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Behavioural Economics

Read and follow the instruction document thoroughly. A basic plan is set out how the essay should be structured and this must be followed. Please contact me if any bits you are unsure of. This paper must be written by an Economics writer as there are economic terms and formulas to be handled carefully. This is a undergraduate essay for the final year of economics so it must reflect in the essay.

Statement of problem: When dealing with pharmaceutical companies a lot of risk and incalculable risk (ambiguity) is involved. Developing a drug can in a lack of better phrase be a shot in the dark but can also generate (if done correctly )extreme profits. Pharmaceutical companies try to minimise risk and struggle to minimise ambiguity but with a constraint as firms must make a profit.

Introduction (700 roughly words) – which must answer the following

•    Explain pharmaceutical companies (focus more on UK companies with inclusion of Abbvie).
•    How do they generate profits (extreme profit margins), revenue stream last year focus on the company “Abbvie”
•    Market share (concentrated market and competition). A patent would create a monopoly for a certain drug. Creating extreme profits while the drug is exclusive
Example: Pharmaceutical production was worth x million, It climbed to an estimated x million in 2000, indicating a rise in total market share for domestically produced medicines from 14 percent to 20 percent
•    Use business economics terminology – competitive behaviour (all competing to create a better drug for x), economies of scale, innovation, vertical effects etc
Example: Increased manufacturing capacity ……etc

Main body Talk about the following:

•    Most of the pharmaceutical production done concentrates on less sophisticated medicines such as simple antibiotics, cough and cold preparations, analgesics and antipyretics, sedatives there is not a lot of ambiguity here. These are not high risk. More technologically sophisticated pharmaceutical products cures for cancer etc, injectables, and more advanced antibiotics these deal with great ambiguity -creating drugs for something which doesn’t have a cure yet.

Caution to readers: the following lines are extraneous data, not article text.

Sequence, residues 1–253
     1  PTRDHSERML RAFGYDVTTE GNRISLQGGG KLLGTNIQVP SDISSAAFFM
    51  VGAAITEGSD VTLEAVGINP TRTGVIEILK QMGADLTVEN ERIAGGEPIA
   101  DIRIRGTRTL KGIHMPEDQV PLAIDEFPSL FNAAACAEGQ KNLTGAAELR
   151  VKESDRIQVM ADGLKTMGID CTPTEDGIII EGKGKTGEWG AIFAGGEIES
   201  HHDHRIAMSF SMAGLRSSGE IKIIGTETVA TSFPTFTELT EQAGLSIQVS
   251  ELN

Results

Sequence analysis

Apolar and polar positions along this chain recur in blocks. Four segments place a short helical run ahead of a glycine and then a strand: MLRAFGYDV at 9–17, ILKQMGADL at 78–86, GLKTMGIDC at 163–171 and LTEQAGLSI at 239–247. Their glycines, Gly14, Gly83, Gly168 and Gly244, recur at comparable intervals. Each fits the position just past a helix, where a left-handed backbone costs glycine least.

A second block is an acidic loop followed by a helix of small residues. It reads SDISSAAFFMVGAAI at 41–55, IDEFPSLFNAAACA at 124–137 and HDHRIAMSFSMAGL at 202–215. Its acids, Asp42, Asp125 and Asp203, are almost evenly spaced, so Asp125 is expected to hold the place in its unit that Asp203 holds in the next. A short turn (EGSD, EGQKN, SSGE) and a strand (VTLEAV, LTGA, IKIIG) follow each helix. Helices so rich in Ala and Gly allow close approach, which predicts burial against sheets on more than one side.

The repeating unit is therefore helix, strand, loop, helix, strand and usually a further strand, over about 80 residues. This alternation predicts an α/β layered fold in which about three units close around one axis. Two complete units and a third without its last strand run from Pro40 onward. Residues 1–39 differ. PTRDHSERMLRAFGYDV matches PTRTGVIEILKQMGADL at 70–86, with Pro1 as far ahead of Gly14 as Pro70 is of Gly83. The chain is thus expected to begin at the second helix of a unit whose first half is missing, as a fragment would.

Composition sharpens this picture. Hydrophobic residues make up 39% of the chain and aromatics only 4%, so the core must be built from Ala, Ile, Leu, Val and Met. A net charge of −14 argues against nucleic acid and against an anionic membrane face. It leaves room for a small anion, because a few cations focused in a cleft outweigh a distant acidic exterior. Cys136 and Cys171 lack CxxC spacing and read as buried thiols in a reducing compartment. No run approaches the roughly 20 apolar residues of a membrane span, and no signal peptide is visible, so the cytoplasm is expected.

Incalculable risks
The utility of the investor is:

U(x1,…,xS ; p1,…, pS ; ß , ?) :=
? ??{u(x)} + (1-?) (1-ß) u(xworst) + (1-?) ß u(xbest)
(p1,…, pS) denote the probability estimate
? ? [0,1]   denote the level of confidence
ß ? [0,1]   denote the level of optimism/pessimism

Ambiguity formula where Ambiguity under decision making shows degrees of optimism (hopes for the best) and pessimism (fears the worst).
-explain the formula
“If ?? is concave, the decision maker is ambiguity averse while he is ambiguity seeking of ?? is convex. However, for ambiguity neutral decision makers, a case for pharmaceutical companies, ?? is often linear” explain this using diagrams risk seeking risk neutral etc

An example company which deals with great ambiguity is Abbvie …………….this company focuses on.
(200 words relating to their ambiguity – they produce innovative products )

•    Due to high ambiguity, innovation is rare and putting a patent on these drugs means companies can benefit handsomely.
Example: Medicines, like any other products, can be protected by intellectual property rights, such as patents. Such protection means that their production, importation and commercialization are subjected for a given period, to exclusive rights that allow title-holders to charge prices above marginal costs. These high prices for medicines deprive of access to others even though they are life essential.
Diagrams if possible
Talk about moral issues here – these medicines are essential it becomes how much do you value your life and willing to pay (only briefly)

Some factors that may come into play when creating drugs – briefly talk about these if possible.
Survivorship bias-that it’s more important the drug works even though side effects could be extreme
Micro life
Regression fallacy
Coincidence and luck
Overestimate bad things will happen to other people and underestimate they will happen to us

-No conclusion is needed
– Please follow these instructions and the order provided

Useful references

Anscombe, F. and R. Aumann., 1963. A Definition of Subjective Probability. The Annals of Mathematical Statistics, 34, p. 199-205.
Ellsberg, D., 1961. Risk, Ambiguity and the Savage Axioms. Quarterly Journal of Economics, 75 (4), p. 643-669.
Ghirardato, P., Maccheroni, F., Marinacci, M., 2004. Differentiating ambiguity and ambiguity attitude. Journal of Economic Theory 118, p. 133–173.
Klibanoff, P., Marinacci, M., Mukerji, S., 2005. A smooth model of decision making under ambiguity. Econometrica 73, p. 1849–1892.
Maccheroni, F., Marinacci, M., Rustichini, A., 2006. Ambiguity aversion, robustness, and the variational representation of preferences. Econometrica 74, p. 1447–1498.
Mehta, J., 2013. Behavioural Economics in Competition and Consumer Policy, ESRC Centre for Competition Policy. Norwich, United Kingdom: University of East Anglia.
Mukerji, S., 1997. Understanding the Non-Additive Probability Decision Model. Economic Theory, 9, p. 23-46.
Oxera Consulting., 2013. Behavioural Economics and its Impact on Competition Policy: A Practical  Assessment with Illustrative Examples from Financial Services. The Hague, Netherlands: The Netherlands Authority for Consumers and Markets (ACM).
Pauker, S., Kassirer, J., 1975. Therapeutic decision making: a cost-benefit analysis. New England Journal of Medicine 293, p. 229–234.
Wakker, P.P., 2010. Prospect Theory: For Risk and Ambiguity. Cambridge University Press, Cambridge, UK.


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